Property management in 2021: Key challenges and how to overcome them

 CALL TO ACTION: Interested in making things evolve? Let’s get together to discuss it!

 

Property Manager Joris Van Mol (Cobelpro) and the Proptech Lab team discuss concerns and solutions for some of the biggest issues in today’s property management.


How has property management evolved over the past few years – during a disruptive period that has seen a proptech boom in the market?

PPT Lab: Twenty years ago the hospitality sector began a spectacular evolution that’s still going on today. In the past, the value of accommodation depended primarily on location. But with the explosion of online booking services (e.g. Booking.com, Airbnb,…) and new services, that was deeply disrupted, and the old way of doing things brutally crashed. Now a multitude of other factors come into play. Among them, the growing role of building operators, which shouldn’t be ignored. Their core business is deeply diversified, focusing on marketing skills, customer satisfaction, and so on. 

Today, offices are going through a similar evolution, which was only exacerbated by the pandemic. And regarding retail, it is said that Covid-19 only killed “bad” retail; those who developed a successful business strategy have managed to overcome the pandemic wave.

The new way of working is based on two arguments. On the one hand, convenience, and on the other, optionality. You won’t be working in the office if it doesn’t give you more benefits than at home: it’s therefore up to operators to offer a more varied and interesting range of services, adapted to today’s challenges. It’s about making the employees and end-users want to return to the company’s head office. 

“The value of a building increasingly depends on who is the operator.” 

And now we see the same thing happening across the board in the residential sector. Within a few years, the possibilities for offering services have diversified and increased; with them in hand, the residential environment could be profoundly disrupted. And yet, if tech evolution depends in part on property managers, however, as we’ll see later, it’s mostly up to the owners, who, in the end, have the final say on tech- and financial decisions.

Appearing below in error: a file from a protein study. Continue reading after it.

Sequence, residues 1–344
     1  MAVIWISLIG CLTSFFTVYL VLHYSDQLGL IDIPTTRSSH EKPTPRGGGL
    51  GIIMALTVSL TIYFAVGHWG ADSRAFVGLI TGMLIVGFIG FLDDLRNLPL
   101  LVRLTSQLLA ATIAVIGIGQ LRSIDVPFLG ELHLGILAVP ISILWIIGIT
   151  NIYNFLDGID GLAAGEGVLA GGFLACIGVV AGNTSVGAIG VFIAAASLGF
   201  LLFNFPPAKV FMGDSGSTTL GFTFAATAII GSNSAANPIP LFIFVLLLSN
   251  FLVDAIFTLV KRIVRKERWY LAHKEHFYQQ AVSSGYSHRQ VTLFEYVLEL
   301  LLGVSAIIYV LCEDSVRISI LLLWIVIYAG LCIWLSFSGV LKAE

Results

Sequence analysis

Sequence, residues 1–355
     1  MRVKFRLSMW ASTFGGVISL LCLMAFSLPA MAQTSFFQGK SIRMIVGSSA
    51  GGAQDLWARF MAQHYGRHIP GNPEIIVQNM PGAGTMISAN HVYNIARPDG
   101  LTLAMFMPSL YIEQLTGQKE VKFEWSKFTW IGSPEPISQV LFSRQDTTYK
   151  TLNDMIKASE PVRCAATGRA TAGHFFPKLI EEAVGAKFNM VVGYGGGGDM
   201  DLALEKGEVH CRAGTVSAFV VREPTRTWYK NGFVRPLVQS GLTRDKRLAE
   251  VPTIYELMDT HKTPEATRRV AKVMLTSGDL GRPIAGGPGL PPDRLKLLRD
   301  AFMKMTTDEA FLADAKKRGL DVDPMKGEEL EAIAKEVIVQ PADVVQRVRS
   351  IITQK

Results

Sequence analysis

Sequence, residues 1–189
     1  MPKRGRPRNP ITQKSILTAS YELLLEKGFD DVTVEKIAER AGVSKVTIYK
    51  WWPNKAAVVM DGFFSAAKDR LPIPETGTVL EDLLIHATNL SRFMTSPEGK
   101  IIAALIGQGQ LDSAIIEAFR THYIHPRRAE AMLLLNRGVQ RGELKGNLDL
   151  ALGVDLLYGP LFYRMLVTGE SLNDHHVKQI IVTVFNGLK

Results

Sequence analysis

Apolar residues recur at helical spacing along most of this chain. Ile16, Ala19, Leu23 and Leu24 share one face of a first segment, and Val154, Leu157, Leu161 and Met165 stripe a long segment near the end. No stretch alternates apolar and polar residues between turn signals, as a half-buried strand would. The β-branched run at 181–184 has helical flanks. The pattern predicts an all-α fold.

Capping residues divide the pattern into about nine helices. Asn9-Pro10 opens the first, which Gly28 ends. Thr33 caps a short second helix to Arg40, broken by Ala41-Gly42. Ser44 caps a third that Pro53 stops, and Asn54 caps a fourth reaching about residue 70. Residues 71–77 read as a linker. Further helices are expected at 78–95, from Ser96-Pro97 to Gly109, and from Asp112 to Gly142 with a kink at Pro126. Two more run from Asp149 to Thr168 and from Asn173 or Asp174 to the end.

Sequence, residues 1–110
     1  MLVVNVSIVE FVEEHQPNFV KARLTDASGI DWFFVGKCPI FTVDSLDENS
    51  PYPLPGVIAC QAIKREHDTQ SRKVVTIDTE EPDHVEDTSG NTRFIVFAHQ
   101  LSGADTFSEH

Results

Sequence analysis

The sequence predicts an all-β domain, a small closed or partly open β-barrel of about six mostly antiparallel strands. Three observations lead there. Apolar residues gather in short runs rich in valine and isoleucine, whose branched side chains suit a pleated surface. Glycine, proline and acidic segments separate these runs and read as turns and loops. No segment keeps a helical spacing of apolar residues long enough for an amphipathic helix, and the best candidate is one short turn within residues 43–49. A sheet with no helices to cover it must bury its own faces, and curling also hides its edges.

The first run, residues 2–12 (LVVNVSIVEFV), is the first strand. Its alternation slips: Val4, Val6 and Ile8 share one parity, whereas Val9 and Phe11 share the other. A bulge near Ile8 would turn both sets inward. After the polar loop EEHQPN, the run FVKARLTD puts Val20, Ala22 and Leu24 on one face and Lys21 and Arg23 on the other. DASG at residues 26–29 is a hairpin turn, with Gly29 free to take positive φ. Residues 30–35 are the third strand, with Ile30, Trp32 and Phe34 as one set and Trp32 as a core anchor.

“We’re seeing a wave of innovation transforming how we live and work. It only makes sense property management evolved at the same time; but, in order to fully embrace the new challenges of today’s and tomorrow’s world, greater priority should be given to strengthening the role of property managers”.

Joris Van Mol: As you know, as property managers, we are active in the  “manage and operate” segment – which is the largest segment in Proptech. But from my perspective, technology still occupies too little of the property management industry. Most players don’t see it as a tsunami, and act on tech like as do with global warming – they think they can still ignore it. 

So yes, small adaptations at a slow pace; but on the bright side, it’s gradually gaining attention – and that’s a good thing. 

And we’re already seeing results. For example, compared to ten years ago, time spent on repetitive tasks and manual entry has been significantly reduced. Making a global report of the building for example is now very much automated, doing an analysis of consumptions is now completely automatic, … We can use data (historical and actual) to make predictions and forecasts., … 

Progress is there, but we’re crossing our fingers to see it flourish and expand in the years to come. 

“Nowadays the trend is to simplify processes.” 

Technology really helps to focus on the important things and to spend less time with repetitive tasks.